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7th Circuit addresses 'khat' convictions for first time

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The 7th Circuit Court of Appeals has ruled on many types of drug cases, but was presented with a new drug to consider for the first time: “khat,” a popular drug among the Somali community.

Jama Mire and Hassan Rafle became involved in a conspiracy to distribute khat in the Indianapolis area. Khat is the common name for the plant having leaves that are chewed or soaked in tea. Khat is not illegal, but the plant contains two controlled substances,
cathinone and cathine, that are used to combat fatigue.

Mire’s business, the Somali House of Coffee, served as a place where people could get the drugs and enjoy in comfort. Government agents received a tip from a concerned Somali man about this khat-distribution conspiracy and launched an investigation into it. Mire and Rafle were each convicted on one count of conspiracy to possess with intent to distribute cathinone. Mire was also convicted of knowingly using or maintaining a place for the purpose of distributing and using cathinone; and possession with intent to distribute a mixture or substance containing cathinone.

The defendants challenged the government testimony by Drug Enforcement Administration chemists regarding the testing of khat plants for cathinone, claiming the testing procedures underlying the experts’ testimony were unreliable and incomplete.

The district court conducted a Daubert hearing on the motion and denied the motion to exclude.

In United States of America v. Jama Mire and Hassan Rafle, 12-2792, 12-2793, the men contended that their due process rights were violated because the Controlled Substance Act and its corresponding regulations do not provide fair warning that the possession of khat may be illegal. This argument is one of first impression in the 7th Circuit, Judge William Bauer noted, but all of the other Circuits that have considered it have rejected it.

The statutes at issue here require “actual knowledge” that khat contains a controlled substance and contain a scienter requirement.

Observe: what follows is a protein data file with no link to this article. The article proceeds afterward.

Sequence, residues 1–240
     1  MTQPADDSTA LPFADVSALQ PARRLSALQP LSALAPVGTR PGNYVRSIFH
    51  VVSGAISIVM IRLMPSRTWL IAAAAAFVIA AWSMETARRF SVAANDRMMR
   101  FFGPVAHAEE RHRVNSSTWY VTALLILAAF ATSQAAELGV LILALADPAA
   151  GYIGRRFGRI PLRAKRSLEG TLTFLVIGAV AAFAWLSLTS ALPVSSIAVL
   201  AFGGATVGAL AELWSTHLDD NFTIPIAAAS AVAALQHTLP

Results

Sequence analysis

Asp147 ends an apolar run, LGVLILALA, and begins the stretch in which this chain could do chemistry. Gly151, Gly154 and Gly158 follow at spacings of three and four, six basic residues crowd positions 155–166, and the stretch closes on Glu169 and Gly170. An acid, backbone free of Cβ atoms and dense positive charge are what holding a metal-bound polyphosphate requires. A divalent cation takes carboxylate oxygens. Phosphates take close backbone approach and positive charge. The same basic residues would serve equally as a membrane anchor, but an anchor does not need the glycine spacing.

“Like our sister circuits who have considered the regulations involving khat, we are mindful that ‘it would be helpful to people, who actually resort to statutes and regulations to determine whether their conduct is lawful, for Congress, through the statutory or regulatory scheme, to include the word “khat” in the CSA,’” Bauer wrote. “This is especially true considering that not all khat leaves contain cathinone or cathine and that other plants containing controlled substances are specifically listed in the schedules. But this does not invalidate the statutes at issue on Due Process grounds; the Defendants’ fair warning challenge fails.”

The men also claimed the District Court erred under Daubert in admitting the government’s expert testimony regarding the chemical composition of the khat leaves tested.

“To find in the Defendants’ favor, we would have to write an additional element into the offenses: that khat leaves must have a ‘certain amount’ of cathinone versus ‘any quantity.’ That is not our job, and we decline to do so,” the court ruled. “The Defendants’ argument that a qualitative assessment is insufficient because it does not say ‘how much’ cathinone or cathine is in a given leaf or plant easily fails; the district court correctly rejected it.”

The 7th Circuit also rejected Mire’s double jeopardy challenge to his convictions and his claim that the government didn’t provide sufficient evidence to support his convictions.
 

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  1. Frankly, it is tragic that you are even considering going to an expensive, unaccredited "law school." It is extremely difficult to get a job with a degree from a real school. If you are going to make the investment of time, money, and tears into law school, it should not be to a place that won't actually enable you to practice law when you graduate.

  2. As a lawyer who grew up in Fort Wayne (but went to a real law school), it is not that hard to find a mentor in the legal community without your school's assistance. One does not need to pay tens of thousands of dollars to go to an unaccredited legal diploma mill to get a mentor. Having a mentor means precisely nothing if you cannot get a job upon graduation, and considering that the legal job market is utterly terrible, these students from Indiana Tech are going to be adrift after graduation.

  3. 700,000 to 800,000 Americans are arrested for marijuana possession each year in the US. Do we need a new justice center if we decriminalize marijuana by having the City Council enact a $100 fine for marijuana possession and have the money go towards road repair?

  4. I am sorry to hear this.

  5. I tried a case in Judge Barker's court many years ago and I recall it vividly as a highlight of my career. I don't get in federal court very often but found myself back there again last Summer. We had both aged a bit but I must say she was just as I had remembered her. Authoritative, organized and yes, human ...with a good sense of humor. I also appreciated that even though we were dealing with difficult criminal cases, she treated my clients with dignity and understanding. My clients certainly respected her. Thanks for this nice article. Congratulations to Judge Barker for reaching another milestone in a remarkable career.

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